Demonstrating how she sits one side of the mirror while a volunteer shaves looking into the mirror on the other, Zechel explains “It allows me to look really close-up at the shaver without intimidating him. But I admit I sometimes feel a bit like a police detective watching a criminal being questioned.”
This secretive observation forms the basis of research that leads to the kind of truly ergonomic and beautifully precise pieces of shave ware that underline Braun’s shaving and design leadership. “We want to learn about the spectrum of different shaving habits people utilize”, says Zechel, who travels globally to observe individual shaving rituals. Investing in this deep dive research allows the Braun experts to perfect their prototypes and the products that reach the shelves.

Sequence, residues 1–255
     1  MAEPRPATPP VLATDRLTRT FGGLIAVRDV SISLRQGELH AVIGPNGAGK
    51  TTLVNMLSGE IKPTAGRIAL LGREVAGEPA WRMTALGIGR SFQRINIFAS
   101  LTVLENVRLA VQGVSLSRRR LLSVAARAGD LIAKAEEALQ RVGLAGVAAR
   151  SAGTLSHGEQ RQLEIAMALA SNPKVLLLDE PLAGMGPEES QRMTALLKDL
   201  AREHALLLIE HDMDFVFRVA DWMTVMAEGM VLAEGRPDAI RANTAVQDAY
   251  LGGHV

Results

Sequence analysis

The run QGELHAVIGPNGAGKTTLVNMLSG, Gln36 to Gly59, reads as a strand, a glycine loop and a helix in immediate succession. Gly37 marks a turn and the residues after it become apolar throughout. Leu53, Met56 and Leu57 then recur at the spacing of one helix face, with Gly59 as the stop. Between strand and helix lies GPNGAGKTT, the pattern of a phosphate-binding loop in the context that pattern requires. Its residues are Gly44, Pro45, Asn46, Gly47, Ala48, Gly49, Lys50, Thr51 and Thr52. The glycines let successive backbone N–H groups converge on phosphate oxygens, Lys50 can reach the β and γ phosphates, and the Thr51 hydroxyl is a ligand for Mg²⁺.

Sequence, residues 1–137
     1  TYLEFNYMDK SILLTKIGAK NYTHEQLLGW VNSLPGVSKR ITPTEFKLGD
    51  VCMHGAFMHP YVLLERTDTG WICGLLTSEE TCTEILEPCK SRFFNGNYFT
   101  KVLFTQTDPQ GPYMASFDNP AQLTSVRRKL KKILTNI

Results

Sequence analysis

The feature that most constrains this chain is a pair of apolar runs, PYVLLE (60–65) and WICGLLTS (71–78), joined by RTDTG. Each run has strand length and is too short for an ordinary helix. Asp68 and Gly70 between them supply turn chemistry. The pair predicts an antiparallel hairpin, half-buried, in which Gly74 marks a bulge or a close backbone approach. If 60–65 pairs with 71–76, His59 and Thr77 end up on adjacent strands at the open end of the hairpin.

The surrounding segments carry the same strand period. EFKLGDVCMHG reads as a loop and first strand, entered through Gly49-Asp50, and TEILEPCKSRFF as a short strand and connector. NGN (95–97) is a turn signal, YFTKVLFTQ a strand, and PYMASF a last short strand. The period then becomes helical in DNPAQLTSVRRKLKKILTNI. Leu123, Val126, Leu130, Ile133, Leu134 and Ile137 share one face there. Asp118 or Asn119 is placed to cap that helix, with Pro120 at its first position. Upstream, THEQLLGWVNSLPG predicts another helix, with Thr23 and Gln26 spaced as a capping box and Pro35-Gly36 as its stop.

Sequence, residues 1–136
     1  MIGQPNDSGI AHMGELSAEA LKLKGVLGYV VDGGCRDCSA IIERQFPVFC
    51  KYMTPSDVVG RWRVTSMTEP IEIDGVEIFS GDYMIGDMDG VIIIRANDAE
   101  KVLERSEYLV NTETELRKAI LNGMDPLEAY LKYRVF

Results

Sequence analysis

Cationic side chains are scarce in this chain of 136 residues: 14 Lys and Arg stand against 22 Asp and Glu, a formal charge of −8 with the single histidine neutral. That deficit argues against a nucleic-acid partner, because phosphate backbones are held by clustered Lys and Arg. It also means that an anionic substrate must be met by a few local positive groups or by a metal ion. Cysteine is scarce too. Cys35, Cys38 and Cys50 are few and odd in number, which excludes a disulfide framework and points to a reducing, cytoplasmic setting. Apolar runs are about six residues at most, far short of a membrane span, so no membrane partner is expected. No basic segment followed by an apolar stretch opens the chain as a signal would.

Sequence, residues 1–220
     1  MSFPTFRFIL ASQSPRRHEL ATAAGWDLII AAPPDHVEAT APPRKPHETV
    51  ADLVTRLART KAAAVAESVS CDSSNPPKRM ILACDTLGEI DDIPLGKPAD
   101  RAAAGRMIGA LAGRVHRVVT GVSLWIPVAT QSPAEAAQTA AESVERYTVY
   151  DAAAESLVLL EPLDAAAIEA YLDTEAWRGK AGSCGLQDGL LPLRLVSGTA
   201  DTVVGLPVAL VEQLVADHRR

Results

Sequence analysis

Our access all areas pass has permitted us in to one of the most sensitive rooms in the building. Replete with an armory of high tech gadgets Dr Martin Fullgrabe, a physicist by training, is able to scrutinize and explore the secret science of the perfect shave. “High-speed cameras like those used by car manufacturers running crash tests enable us to watch the shave process in slow motion. High magnification cameras give us intense detail and shavers fitted with fibre optic cameras allow us to examine exactly how the hair is being cut”, he explains.
A major challenge Fullgrabe faces is that men’s facial hair varies in the way it grows, the direction it grows, and how thickly it grows. His mission is to ensure a shaver doesn’t miss hairs when passed across the face. Longer stubble often lies flat on a man’s face, not captured by the holes in the foil of the shaver. In-depth observation lead to an ingenious knuckle design shape for the trimmer. This ensures even the most stubborn hairs are lifted from the face and cut away by the blades beneath the foil.